Perhaps the most revolutionizing year for this competition and a landmark year in AI was 2012 when a team under Geoffery Hinton presented AlexNet (a type of Convolutional Neural Network) in the competition.
Now this Deep Neural Network was cooked up just right by Geoffery Hinton, Alex Krizhevsky, and their team. The timing was perfect, in 2012 we had all the required ingredients to finally make deep learning work.
We had the required Data (ImageNet) with millions of high-resolution images, the Computation Power (as 2012 offered a lot of Great high-powered GPUs), and we also had made tremendous strides in the Architectural improvement of neural networks.
And when they combined all these elements at the right time, AlexNet was born.
A network that got only a 16% error rate on ImageNet competition, a 25% improvement from the year before.
This was a huge milestone. In the next year, all winning entries were using Deep learning models and finally, Deep Learning had taken OFF.
What followed in the years after, was innovation upon innovation in AI using deep learning approaches. Not only in research but we saw AI being successfully applied to almost every other industry.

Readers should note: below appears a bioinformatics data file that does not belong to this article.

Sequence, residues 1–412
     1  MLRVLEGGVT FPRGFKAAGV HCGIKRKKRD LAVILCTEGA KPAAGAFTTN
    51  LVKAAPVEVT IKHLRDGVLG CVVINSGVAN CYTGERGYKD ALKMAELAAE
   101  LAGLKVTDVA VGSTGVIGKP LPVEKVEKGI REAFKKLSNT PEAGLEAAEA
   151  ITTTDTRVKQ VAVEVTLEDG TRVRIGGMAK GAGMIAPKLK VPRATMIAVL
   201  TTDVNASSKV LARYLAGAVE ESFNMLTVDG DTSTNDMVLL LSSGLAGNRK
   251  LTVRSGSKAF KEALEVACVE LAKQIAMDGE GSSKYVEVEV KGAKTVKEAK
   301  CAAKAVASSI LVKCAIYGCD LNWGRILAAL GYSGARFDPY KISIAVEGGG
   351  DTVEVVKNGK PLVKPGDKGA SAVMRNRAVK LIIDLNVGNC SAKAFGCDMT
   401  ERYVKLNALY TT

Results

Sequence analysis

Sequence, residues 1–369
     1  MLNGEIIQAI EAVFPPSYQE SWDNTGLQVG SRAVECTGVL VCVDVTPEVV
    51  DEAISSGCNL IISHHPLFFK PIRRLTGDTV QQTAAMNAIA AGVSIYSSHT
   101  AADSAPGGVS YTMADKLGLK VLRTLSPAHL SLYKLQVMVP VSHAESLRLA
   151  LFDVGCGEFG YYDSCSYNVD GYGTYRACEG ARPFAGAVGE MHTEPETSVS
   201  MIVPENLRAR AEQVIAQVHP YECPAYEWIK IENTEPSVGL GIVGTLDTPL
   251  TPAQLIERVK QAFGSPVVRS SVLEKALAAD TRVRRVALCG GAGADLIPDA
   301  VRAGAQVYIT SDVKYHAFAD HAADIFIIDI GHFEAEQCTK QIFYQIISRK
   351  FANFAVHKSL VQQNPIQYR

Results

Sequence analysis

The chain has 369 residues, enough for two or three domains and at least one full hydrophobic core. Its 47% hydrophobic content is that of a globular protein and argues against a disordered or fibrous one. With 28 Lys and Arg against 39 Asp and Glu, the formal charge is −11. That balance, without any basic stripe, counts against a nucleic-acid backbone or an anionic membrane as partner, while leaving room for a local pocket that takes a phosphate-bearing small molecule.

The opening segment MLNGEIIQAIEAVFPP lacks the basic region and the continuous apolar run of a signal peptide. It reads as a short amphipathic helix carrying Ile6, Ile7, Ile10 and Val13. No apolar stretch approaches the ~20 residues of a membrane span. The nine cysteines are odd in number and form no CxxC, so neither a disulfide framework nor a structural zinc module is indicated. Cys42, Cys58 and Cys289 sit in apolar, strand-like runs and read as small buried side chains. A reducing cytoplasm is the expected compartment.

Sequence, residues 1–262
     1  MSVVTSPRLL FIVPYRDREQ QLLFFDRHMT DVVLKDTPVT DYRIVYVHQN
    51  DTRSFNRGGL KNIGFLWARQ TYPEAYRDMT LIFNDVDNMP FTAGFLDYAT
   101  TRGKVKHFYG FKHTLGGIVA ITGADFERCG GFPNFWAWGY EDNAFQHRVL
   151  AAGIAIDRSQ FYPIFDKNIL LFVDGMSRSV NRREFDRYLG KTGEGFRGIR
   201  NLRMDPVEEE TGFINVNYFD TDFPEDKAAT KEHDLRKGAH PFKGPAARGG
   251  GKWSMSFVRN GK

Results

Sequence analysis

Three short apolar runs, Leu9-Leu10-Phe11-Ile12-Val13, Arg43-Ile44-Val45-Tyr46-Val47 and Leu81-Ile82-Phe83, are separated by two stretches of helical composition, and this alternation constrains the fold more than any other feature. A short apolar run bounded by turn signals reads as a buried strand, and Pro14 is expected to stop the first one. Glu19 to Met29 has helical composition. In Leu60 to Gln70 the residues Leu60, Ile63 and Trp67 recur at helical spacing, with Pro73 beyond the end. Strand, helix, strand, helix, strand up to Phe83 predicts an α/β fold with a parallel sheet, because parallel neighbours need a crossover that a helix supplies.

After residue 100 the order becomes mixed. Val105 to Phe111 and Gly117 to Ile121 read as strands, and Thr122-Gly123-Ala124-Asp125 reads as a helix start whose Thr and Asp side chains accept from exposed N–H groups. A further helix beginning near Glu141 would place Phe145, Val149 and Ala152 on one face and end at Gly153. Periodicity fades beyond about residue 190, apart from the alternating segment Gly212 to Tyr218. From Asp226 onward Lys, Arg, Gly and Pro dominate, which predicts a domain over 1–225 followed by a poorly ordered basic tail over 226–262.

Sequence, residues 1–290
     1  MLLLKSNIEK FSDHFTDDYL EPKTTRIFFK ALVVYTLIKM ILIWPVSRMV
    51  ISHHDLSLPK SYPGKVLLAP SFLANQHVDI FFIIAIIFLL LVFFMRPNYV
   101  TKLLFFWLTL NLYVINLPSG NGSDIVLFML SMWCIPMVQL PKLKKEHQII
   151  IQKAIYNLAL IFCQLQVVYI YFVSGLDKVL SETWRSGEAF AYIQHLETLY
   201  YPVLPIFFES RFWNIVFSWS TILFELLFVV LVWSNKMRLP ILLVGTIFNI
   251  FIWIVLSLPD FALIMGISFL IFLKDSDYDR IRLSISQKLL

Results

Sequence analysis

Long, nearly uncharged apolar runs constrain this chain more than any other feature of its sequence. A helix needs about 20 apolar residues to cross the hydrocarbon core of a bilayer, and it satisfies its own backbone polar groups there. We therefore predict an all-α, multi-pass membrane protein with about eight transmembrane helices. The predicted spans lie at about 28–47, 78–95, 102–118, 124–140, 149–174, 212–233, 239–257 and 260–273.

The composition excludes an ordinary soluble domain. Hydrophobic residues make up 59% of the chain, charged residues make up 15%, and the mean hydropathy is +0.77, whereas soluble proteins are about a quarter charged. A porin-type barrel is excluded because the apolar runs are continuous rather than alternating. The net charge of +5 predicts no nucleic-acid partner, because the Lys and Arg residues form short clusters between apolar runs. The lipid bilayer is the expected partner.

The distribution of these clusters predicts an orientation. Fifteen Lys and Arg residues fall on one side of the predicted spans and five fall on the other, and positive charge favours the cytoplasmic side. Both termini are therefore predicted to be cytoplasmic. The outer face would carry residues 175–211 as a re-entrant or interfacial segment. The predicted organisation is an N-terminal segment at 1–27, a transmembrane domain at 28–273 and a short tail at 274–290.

Every year billions of dollars are being pumped by investors in AI. hundreds of promising new AI Startups are appearing and thousands of papers are being published in AI each year.
And a lot of initial success in AI can be attributed to 3 people which are also known as the Pioneers of Modern AI. They are; Yann Lecun, Geoffrey Hinton, and Yoshio Bengio.
In this episode of the CVFE course, we discussed the history of AI and how it became one of the most promising fields along with the winters it faced in the past, and what exactly terms like Machine Learning and Deep Learning mean.
Now one question you might have is….Will there be a 3rd AI Winter? And to be honest, the answer is no!
In 2016, DeepMind’s AlphaGo defeated the World Go champion, a very difficult feat. In 2019, OpenAI Five beats Dota 2 experts, a game that requires a lot of skill to master.
In 2020, language models like OpenAI’s GPT 3, stunned the world with their abilities.
So no, the next AI winter is not coming anytime soon as; AI is seeing its best years. Just in 2020, Eugene became the first AI machine to pass the Turing Test by convincing 33 judges that it was a 13-year-old Ukrainian boy.
How Cool and equally frightening is that?
With this I conclude part 2, in the next episode of this series, I’ll go into more detail and discuss different branches of Machine learning.
In case you have any questions, please feel free to ask in the comment section and share the post with your colleagues if you have found it useful.